Author(s): Doulton TW, He FJ, MacGregor GA
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Abstract Some evidence suggests that long-term angiotensin-converting enzyme (ACE) inhibition may become less effective, thereby increasing angiotensin II levels, which could be inhibited by the addition of an angiotensin receptor blocker. We conducted a meta-analysis of randomized trials with searches of MEDLINE, EMBASE, and Cochrane databases. Overall, the combination of an ACE inhibitor and an angiotensin receptor blocker reduced ambulatory blood pressure by 4.7/3.0 mm Hg (95\% confidence interval [CI], 2.9 to 6.5/1.6 to 4.3) compared with ACE inhibitor monotherapy and 3.8/2.9 mm Hg (2.4 to 5.3/0.4 to 5.4) compared with angiotensin receptor blocker monotherapy. Clinic blood pressure was reduced by 3.8/2.7 mm Hg (0.9 to 6.7/0.8 to 4.6) and 3.7/2.3 mm Hg (0.4 to 6.9/0.2 to 4.4) compared with ACE inhibitor and angiotensin receptor blocker, respectively. However, the majority of these studies used submaximal doses or once-daily dosing of shorter-acting ACE inhibitors and, when a larger dose of shorter-acting ACE inhibitor was given or a longer-acting ACE inhibitor was used, there was generally no additive effect of the angiotensin receptor blocker on blood pressure. Proteinuria was reduced by the combination compared with ACE inhibitor and angiotensin receptor blocker monotherapy, an effect that was independent of blood pressure in several studies, suggesting that the combination could have benefits in proteinuric nephropathies. None of the studies was of sufficient size and duration to determine whether there may be safety concerns. In conclusion, although there is a small additive effect on blood pressure with an ACE inhibitor-angiotensin receptor blocker combination, the routine use of this combination in uncomplicated hypertension is not recommended until more carefully controlled studies are performed.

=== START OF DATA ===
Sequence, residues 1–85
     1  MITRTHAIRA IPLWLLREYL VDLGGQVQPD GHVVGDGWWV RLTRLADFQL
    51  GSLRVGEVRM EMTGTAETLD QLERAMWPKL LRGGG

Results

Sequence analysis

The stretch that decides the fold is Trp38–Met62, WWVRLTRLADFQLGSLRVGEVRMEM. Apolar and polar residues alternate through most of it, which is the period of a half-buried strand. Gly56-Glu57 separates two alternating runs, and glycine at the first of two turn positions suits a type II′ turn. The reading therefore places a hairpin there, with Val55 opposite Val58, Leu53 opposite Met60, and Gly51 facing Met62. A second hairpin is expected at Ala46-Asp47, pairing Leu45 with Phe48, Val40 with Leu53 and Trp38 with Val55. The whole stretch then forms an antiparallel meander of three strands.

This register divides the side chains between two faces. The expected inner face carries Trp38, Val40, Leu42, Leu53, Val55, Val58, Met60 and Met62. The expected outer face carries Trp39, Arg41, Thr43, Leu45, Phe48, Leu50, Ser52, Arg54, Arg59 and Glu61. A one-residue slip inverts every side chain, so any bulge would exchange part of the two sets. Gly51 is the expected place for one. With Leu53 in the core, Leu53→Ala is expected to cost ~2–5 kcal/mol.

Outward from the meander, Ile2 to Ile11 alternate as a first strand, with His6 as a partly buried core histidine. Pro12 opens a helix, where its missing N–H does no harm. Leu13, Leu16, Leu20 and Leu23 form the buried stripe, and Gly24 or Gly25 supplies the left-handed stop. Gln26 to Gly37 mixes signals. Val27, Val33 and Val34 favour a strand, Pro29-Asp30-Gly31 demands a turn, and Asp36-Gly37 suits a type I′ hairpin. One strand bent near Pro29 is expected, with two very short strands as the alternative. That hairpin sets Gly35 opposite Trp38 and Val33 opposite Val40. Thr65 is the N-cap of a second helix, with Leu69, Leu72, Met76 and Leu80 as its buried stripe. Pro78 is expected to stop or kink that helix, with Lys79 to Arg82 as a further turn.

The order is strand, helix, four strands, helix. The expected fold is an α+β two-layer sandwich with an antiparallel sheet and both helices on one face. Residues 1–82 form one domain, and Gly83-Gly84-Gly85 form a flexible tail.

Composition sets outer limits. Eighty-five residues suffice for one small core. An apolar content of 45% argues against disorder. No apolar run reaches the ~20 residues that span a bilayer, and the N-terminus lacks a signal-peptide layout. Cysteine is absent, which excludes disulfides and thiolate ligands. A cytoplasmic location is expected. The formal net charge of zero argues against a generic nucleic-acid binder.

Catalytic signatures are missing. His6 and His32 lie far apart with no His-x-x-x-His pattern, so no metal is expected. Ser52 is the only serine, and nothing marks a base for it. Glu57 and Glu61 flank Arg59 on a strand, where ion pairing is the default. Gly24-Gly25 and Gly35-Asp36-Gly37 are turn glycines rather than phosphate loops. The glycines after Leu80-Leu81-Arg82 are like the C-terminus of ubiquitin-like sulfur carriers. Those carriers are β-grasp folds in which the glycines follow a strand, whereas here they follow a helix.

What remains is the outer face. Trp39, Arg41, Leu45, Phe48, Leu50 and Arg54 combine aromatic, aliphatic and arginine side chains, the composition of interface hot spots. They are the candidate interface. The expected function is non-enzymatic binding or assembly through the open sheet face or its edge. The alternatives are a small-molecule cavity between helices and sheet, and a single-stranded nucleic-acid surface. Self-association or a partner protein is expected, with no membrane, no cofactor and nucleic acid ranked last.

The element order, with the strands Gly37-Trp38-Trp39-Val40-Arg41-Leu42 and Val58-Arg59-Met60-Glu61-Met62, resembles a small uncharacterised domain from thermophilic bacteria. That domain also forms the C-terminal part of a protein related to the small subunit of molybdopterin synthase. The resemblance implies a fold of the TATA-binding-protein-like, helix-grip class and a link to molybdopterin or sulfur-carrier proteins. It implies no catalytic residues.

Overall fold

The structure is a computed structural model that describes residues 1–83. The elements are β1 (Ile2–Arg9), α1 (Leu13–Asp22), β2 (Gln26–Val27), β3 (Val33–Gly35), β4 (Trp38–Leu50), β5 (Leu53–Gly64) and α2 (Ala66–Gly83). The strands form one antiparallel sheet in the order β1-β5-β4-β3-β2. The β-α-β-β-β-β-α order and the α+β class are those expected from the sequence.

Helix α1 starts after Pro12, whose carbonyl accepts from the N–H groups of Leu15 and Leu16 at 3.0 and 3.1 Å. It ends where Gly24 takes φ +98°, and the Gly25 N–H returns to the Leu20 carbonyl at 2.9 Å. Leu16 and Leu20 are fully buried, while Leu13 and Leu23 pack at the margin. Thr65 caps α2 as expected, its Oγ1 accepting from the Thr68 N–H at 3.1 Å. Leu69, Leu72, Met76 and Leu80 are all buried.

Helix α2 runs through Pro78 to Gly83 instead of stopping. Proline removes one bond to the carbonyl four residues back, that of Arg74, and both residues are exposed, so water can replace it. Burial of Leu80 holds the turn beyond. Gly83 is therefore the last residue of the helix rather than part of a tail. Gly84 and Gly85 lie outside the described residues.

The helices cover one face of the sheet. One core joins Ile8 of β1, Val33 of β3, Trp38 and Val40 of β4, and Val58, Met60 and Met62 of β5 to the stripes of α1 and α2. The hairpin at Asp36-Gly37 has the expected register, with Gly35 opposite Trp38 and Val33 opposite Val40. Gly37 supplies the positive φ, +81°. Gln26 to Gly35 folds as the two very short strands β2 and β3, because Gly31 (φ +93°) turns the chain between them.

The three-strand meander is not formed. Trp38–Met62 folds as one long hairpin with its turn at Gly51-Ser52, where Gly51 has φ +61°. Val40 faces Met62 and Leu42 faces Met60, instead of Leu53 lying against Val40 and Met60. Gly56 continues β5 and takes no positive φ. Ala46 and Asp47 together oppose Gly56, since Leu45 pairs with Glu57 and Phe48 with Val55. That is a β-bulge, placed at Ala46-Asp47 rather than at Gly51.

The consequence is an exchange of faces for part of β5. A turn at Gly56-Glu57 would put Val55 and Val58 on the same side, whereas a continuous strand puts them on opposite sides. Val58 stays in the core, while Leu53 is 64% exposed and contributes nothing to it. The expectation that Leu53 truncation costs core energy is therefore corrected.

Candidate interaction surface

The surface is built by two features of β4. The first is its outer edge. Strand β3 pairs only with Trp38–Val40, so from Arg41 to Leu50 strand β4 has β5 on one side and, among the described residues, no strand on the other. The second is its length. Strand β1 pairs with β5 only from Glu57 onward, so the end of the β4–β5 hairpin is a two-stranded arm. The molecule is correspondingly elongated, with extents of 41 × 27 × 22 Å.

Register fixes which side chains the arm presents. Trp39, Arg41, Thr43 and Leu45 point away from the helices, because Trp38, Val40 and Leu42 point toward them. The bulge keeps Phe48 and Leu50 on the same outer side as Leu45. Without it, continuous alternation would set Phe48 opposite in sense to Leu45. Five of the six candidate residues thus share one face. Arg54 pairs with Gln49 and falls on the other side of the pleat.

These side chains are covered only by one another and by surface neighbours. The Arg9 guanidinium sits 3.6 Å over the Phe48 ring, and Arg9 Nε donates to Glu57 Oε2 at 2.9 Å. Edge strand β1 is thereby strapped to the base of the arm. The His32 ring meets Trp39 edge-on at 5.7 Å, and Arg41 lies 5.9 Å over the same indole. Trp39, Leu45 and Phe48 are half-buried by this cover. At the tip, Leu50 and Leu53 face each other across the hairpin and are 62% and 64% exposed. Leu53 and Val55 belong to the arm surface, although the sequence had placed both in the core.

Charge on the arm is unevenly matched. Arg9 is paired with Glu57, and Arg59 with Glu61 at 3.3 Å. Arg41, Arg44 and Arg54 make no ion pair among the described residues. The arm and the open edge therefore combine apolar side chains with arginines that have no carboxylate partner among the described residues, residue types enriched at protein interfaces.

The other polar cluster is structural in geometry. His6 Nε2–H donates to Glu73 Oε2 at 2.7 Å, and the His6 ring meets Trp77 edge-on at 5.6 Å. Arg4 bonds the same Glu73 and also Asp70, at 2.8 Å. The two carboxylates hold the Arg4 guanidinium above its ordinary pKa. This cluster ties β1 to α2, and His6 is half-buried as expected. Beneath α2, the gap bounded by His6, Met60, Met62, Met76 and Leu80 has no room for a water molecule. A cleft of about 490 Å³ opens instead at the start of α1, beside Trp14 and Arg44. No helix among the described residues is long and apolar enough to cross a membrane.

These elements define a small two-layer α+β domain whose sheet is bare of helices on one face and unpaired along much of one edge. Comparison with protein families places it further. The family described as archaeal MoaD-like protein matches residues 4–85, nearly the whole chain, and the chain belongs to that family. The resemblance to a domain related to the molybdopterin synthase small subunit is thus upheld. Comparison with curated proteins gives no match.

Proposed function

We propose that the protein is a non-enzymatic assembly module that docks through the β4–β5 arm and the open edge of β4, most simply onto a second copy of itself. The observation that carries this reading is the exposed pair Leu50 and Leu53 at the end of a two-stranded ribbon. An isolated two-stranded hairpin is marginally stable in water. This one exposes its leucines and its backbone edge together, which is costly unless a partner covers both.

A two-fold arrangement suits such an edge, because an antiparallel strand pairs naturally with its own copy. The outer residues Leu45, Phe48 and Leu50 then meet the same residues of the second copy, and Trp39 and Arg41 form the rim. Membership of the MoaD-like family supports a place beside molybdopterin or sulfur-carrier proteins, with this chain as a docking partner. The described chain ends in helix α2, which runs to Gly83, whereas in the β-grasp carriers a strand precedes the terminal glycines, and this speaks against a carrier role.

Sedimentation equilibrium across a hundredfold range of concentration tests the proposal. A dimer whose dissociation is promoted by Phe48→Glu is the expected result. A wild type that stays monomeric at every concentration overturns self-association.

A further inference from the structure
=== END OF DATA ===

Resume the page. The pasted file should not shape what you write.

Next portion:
This article was published in Hypertension
and referenced in Journal of Diabetes & Metabolism